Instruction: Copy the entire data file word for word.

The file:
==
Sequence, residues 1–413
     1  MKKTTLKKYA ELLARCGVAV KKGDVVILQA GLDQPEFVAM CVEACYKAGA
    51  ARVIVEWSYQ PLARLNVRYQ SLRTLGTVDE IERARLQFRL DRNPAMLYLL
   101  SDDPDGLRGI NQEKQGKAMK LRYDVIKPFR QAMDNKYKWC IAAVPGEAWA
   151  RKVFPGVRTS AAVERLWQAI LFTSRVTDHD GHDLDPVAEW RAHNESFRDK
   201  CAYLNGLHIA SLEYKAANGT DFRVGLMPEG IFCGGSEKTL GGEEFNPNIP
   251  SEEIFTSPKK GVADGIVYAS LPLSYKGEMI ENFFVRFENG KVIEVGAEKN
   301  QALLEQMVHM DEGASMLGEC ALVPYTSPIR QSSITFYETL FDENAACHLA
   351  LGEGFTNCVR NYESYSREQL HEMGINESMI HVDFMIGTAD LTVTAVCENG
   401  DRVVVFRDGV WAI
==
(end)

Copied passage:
Sequence, residues 1–413
     1  MKKTTLKKYA ELLARCGVAV KKGDVVILQA GLDQPEFVAM CVEACYKAGA
    51  ARVIVEWSYQ PLARLNVRYQ SLRTLGTVDE IERARLQFRL DRNPAMLYLL
   101  SDDPDGLRGI NQEKQGKAMK LRYDVIKPFR QAMDNKYKWC IAAVPGEAWA
   151  RKVFPGVRTS AAVERLWQAI LFTSRVTDHD GHDLDPVAEW RAHNESFRDK
   201  CAYLNGLHIA SLEYKAANGT DFRVGLMPEG IFCGGSEKTL GGEEFNPNIP
   251  SEEIFTSPKK GVADGIVYAS LPLSYKGEMI ENFFVRFENG KVIEVGAEKN
   301  QALLEQMVHM DEGASMLGEC ALVPYTSPIR QSSITFYETL FDENAACHLA
   351  LGEGFTNCVR NYESYSREQL HEMGINESMI HVDFMIGTAD LTVTAVCENG
   401  DRVVVFRDGV WAI